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Naval officer Rustom Pavri returns from his posting and finds his wife Cynthia is away from home since last two days his marriages is on the rocks when he finds love letters in cupboard which indicates that Cynthia has found love in one of his friend Vikram Makhija an arrogant business tycoon ,Rustom then issues a pistol from Naval Ship's Armory and shoots Vikram three times in his chest living him dead and surrender himself to senior inspector Vincent Lobo.Written by
It is based on the real life story of naval officer K. M. Nanavati who allegedly shot his wife's lover. See more »
Revolver position changes between shots when Rustom Pavri leaves after killing Vikram. See more »
[in the court]
Look, sir. I'm not an intellectual like you. I am ignorant and illiterate. But know this... When the time come for any soldier to left his house in order to protect his homeland... And someone comes and takes the wife of this solider to his home... Then that man does not deserve to live. And if Rustom sir shot him... then he certainly has done the right thing.
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In the opening credits, after the title appears, the "O" in it is shot with three bullets as in the film. See more »
The Nanavati case of the 1950s seems to be hot on the literary and film scene in India right now. Just a few weeks ago I read R. Raj Rao's novel, Lady Lolita's Lovel, a clever and entertaining juxtaposition of the Nanavati case and D. H. Lawrence's novel, Lady Chatterley's Lover. Rustom, inspired by the Nanavati case, is entertaining to say the least. Just like Akshay Kumar's previous films Holiday, Baby and Airlift. And because Akshay Kumar seems to have mastered the formula of creating fast-paced thrillers with quick lessons in patriotism and nationalism, even Rustom, apparently inspired by an incident of adultery, too has been injected with liberal doses of patriotism.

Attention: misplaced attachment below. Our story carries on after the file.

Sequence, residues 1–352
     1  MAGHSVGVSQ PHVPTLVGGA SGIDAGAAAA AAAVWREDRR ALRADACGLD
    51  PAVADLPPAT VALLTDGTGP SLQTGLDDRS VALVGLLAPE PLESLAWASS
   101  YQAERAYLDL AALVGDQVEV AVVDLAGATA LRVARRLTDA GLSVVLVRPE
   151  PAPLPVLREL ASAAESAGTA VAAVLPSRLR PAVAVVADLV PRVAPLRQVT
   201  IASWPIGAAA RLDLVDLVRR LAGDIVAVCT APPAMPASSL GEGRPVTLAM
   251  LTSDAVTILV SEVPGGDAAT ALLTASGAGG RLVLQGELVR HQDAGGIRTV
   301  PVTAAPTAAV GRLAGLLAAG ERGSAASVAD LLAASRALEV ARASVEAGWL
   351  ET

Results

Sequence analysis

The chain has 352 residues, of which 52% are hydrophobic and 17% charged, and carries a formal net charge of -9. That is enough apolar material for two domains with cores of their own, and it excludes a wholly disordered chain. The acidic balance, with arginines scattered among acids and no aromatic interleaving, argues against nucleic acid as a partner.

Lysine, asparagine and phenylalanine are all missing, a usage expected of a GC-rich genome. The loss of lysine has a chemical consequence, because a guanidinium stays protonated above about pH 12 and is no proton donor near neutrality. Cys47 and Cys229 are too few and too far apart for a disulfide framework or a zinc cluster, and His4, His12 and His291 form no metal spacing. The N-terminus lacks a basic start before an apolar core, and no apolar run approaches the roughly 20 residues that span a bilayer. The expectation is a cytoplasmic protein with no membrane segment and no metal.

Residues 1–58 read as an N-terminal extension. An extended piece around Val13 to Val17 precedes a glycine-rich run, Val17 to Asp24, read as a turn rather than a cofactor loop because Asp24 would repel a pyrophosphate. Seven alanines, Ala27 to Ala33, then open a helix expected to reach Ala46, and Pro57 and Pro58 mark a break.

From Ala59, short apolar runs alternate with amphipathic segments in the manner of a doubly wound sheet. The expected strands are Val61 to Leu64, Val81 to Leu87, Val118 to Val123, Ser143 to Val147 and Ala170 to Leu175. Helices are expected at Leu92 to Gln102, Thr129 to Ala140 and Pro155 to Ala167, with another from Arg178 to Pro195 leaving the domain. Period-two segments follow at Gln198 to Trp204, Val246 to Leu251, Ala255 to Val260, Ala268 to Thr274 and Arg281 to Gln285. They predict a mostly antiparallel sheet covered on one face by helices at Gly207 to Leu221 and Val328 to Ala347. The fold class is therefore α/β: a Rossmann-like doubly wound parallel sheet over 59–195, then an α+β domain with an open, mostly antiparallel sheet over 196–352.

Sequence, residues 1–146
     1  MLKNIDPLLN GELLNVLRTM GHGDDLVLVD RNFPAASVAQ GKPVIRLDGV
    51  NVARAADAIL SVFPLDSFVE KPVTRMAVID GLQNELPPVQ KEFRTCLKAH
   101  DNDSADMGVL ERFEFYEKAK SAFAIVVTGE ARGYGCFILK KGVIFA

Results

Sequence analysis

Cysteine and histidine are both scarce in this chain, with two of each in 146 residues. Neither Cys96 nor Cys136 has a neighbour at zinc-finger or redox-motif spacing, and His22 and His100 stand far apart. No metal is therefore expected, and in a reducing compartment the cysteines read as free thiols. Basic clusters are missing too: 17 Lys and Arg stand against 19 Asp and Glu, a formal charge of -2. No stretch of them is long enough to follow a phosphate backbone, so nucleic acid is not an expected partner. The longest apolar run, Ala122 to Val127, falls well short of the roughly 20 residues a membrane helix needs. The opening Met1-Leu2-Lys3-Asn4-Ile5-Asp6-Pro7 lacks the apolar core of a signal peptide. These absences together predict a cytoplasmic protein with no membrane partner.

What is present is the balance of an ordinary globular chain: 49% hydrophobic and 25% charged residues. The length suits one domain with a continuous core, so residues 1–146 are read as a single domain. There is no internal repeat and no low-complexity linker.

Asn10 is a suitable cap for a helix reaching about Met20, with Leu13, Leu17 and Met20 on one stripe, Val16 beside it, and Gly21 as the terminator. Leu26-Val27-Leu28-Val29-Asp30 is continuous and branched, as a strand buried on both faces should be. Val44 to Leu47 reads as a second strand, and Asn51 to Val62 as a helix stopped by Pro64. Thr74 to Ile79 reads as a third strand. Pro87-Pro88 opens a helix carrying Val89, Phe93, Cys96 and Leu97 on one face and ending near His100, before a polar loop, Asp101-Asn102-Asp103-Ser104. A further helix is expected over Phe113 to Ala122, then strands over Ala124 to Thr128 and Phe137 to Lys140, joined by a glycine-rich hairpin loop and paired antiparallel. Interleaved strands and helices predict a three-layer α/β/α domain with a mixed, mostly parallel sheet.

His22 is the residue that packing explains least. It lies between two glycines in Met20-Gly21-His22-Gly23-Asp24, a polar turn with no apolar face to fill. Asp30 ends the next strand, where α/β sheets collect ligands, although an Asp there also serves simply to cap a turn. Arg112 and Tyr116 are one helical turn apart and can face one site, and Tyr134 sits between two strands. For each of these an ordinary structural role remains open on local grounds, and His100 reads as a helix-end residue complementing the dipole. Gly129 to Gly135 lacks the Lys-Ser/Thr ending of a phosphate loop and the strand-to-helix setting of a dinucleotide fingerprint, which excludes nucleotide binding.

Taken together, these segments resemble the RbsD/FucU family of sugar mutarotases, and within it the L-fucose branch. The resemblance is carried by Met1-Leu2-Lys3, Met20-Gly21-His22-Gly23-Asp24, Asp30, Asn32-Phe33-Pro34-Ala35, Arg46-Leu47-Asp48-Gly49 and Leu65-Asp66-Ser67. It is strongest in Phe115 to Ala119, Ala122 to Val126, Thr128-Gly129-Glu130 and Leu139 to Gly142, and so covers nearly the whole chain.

Most things work for Rustom. Though the period setting does not really impress, the writing does. The courtroom scene, especially, has been written quite well. There is humour in it, and a tongue-in-cheek feeling.
Akshay Kumar, despite being the lead star, is not the best thing about Rustom. It is the supporting cast. Be it Pavan Malhotra as the investigating police officer, Kumud Mishra as the newspaper editor who turns the public opinion in Rustom's favour, Usha Nadkarni as the Pavris' domestic help, Sachin Khedekar as the prosecution lawyer, or Anang Desai as the judge➖the supporting actors have been given opportunities and they have delivered.
The weakest thing about Rustom is, perhaps, its female lead: Ileana D'Cruz. Maybe the cue given to her was "look sad", so she has a crestfallen appearance throughout the film. Esha Gupta is better, though quite over the top. With a Zeenat Aman-ish appearance, Esha Gupta brings a certain femme-fatale-ish glamour to her character➖her fashion style and poise, breathing fire in anger at the murder of her brother (played by Arjan Bajwa) at the hands of Rustom Pavri (played by Akshay Kumar), smoking a cigarette through a long holder while being given a back massage by a young man, reacting furiously in the courtroom, vowing to get Rustom Pavri hanged, etc.
Not perfect - in fact, far from being perfect - Rustom is a good one-time watch.
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